The Road goes ever on and on
Down from the door where it began.
Now far ahead the Road has gone,
And I must follow, if I can,
Pursuing it with eager feet,
Until it joins some larger way
Where many paths and errands meet.
And whither then? I cannot say.
Bilbo Baggins, The Fellowship of the Ring
At 9 a.m. on October 30th we pulled out of Marion’s Connecticut driveway, collectively holding our breath as we headed for Interstate 84 and Gypsy Rose’s first road test – the 320 mile drive to her new home in Vermont. Marion shot many photos as she drove behind. In the picture above, the text on the cell phone reads, “Kevin on the road.” We shared what amounted to a 7 hour phone call over the course of the drive.
There were anxious moments as we passed through Waterbury and Hartford, Connecticut and then Springfield, Massachusetts, but by the time we were rolling through the less populated valleys of northern Massachusetts we felt pretty comfortable with Gypsy’s road-handling skills.
Running with the "big boys," Gypsy looks more than a bit out of place. We could only imagine the conversations we were starting among motorists passing by.
Nope, we don’t need an ambulance. All is fine on this stellar late October day.
We had been planning to drive to Boston later in the week for the anticipated victory parade for the 2007 World Series Champions, the Boston Red Sox, who had clinched the series in a four-game sweep two days before, but an hour before we departed Connecticut we found out that the victory parade would be held at noon that day. Bummer. There was some hesitation as we passed the intersection of MA Route 2. It wouldn’t have been unlike us to take a detour for the celebration (we attended the parade in 2004 with 2.5 million other fans), but we stayed on course northward to Vermont.
The sign above points to bus parking, but there was no indication of where houses should go when we pulled into the Vermont Welcome Center.
Welcome (back) to Vermont!
Much of Marion’s view was from behind, but this shot gives a good sense for the whole load.
Rolling along Interstate 91 and the Connecticut River Valley of Vermont, I towed my new home near the land of my youth (Bradford, Vermont).
For those who may be wondering if I'd traded the small pickup for the full-sized "hauler," I must mention that the little green truck is waiting back in Vermont. For the task of towing Gypsy, however, we needed more muscle (which was generously provided).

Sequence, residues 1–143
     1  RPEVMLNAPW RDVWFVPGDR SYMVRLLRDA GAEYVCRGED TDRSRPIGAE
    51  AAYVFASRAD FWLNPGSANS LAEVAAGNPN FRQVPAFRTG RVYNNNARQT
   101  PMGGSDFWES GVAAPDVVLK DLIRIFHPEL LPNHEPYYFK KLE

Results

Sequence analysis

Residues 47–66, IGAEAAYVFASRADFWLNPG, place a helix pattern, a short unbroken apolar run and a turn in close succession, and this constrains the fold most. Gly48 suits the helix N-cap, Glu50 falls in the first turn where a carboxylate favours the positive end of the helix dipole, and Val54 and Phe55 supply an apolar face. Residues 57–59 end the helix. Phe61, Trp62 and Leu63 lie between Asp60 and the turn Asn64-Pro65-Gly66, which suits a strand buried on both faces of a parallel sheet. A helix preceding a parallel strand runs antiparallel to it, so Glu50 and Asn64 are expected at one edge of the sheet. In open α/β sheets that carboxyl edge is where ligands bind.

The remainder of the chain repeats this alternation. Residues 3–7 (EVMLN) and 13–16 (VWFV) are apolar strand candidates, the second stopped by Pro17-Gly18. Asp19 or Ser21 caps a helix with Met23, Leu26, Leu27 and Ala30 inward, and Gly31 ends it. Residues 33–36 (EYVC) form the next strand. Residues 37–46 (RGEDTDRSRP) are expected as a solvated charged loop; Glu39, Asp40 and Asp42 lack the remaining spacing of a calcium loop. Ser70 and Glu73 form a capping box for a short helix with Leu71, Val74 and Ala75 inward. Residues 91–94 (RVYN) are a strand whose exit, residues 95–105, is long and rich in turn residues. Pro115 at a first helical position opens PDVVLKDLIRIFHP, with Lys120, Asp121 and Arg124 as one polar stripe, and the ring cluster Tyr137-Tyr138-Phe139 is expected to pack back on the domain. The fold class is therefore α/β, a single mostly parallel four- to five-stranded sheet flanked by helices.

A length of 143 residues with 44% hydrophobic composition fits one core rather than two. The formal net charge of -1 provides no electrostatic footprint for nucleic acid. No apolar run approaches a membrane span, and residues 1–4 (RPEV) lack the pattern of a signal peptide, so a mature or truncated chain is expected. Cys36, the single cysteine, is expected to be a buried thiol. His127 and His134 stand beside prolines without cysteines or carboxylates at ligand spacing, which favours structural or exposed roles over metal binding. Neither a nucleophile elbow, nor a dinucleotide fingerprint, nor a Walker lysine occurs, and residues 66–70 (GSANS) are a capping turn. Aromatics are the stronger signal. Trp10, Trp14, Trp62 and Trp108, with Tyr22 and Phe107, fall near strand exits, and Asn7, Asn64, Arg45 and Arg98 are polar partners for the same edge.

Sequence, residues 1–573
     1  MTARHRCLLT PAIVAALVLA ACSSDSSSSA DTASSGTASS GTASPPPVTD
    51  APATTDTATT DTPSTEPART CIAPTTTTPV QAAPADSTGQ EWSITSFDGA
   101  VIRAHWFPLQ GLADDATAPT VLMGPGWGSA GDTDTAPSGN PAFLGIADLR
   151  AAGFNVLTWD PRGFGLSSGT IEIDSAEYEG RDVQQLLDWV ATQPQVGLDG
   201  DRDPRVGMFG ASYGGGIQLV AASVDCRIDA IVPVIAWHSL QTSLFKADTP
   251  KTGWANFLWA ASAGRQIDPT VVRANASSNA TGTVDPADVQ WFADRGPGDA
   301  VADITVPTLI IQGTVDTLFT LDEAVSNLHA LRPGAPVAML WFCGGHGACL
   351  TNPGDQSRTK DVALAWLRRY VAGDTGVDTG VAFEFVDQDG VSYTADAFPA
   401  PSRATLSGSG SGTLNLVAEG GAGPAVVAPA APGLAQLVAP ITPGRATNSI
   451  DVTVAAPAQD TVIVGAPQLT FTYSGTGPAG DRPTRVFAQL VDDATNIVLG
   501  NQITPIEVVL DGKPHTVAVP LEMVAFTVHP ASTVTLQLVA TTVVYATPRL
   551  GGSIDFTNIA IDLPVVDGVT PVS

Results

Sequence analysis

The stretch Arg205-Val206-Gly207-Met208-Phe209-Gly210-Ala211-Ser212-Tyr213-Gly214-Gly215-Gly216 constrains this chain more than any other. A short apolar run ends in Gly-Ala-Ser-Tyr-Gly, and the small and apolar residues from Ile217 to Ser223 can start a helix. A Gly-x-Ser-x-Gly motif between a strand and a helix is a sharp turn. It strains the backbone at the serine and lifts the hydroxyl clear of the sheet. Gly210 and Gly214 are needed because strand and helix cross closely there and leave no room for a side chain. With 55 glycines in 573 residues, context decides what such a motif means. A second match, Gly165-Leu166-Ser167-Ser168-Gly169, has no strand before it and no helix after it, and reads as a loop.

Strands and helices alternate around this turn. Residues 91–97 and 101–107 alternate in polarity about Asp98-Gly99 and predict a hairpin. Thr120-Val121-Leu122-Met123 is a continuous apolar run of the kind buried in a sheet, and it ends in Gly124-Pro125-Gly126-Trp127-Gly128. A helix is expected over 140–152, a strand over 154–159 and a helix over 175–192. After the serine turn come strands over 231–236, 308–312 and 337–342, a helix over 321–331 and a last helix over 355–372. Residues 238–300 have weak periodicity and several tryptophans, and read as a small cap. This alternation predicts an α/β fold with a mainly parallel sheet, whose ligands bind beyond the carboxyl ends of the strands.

Even with Gypsy in tow, our fuel economy was better than a Hummer’s, but we still could not make the trip on a single tank. Pulling into the filling station in Springfield, Vermont, we drew a lot of stares and many questions from curious travelers who don’t normally see such a sight on the road. When one man came up to me and remarked, “It looks like a house on wheels,” I knew that we’d been successful at building something that is recognized for what it is.
Gypsy rides through Vermont’s Green Mountains and sunshine along Interstate 89.
One more stop before the final leg of our journey. The Sharon rest area is not far from where Gypsy will find herself next spring when we move her to Tunbridge for the warm half of the year. How many other travelers can enjoy lunch on their own front porch while on the road?
Mid-state Vermont. We’re almost there.
Gypsy arrives in Burlington, just in time for rush hour traffic down Route 7 to Vergennes.
Five minutes later than our prediction of 4:30 p.m., we turned into the driveway of the Lake Champlain Maritime Museum where we were greeted by friends Jeff and Nick, museum staff and all-around terrific folks, who had been awaiting our arrival.
After Jeff had shown us the spot they’d picked out, Marion and I were left with only one more task for the day, unhitching Gypsy and leveling her on blocks in her winter home (complete with a view of the lake). Finally, in the darkness at 7 p.m., we were settled in.